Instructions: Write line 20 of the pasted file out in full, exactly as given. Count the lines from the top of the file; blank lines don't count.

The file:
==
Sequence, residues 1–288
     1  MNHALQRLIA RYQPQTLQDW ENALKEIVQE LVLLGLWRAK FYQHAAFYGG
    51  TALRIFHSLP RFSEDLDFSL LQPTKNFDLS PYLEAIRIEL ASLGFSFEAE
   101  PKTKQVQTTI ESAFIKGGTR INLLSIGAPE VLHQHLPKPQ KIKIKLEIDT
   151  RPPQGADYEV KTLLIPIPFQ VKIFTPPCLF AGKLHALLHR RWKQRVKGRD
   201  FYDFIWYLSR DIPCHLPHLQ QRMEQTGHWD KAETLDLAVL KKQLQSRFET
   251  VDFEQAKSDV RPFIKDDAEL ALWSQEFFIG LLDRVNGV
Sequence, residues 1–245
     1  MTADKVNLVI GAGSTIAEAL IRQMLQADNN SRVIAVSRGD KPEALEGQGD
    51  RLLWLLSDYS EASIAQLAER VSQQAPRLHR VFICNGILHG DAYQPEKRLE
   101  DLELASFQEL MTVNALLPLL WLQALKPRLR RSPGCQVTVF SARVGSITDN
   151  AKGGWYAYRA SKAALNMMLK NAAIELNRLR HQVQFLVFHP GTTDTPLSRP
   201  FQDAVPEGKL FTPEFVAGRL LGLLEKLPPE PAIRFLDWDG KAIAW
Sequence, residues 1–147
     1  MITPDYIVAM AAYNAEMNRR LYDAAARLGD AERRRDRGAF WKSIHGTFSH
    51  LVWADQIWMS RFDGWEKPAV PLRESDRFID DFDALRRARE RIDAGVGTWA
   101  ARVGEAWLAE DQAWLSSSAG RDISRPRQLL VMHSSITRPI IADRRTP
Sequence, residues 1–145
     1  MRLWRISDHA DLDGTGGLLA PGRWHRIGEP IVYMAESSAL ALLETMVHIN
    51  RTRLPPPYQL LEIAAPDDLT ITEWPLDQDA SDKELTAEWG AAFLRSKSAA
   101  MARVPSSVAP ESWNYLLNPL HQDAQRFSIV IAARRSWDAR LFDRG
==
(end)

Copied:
    51  RTRLPPPYQL LEIAAPDDLT ITEWPLDQDA SDKELTAEWG AAFLRSKSAA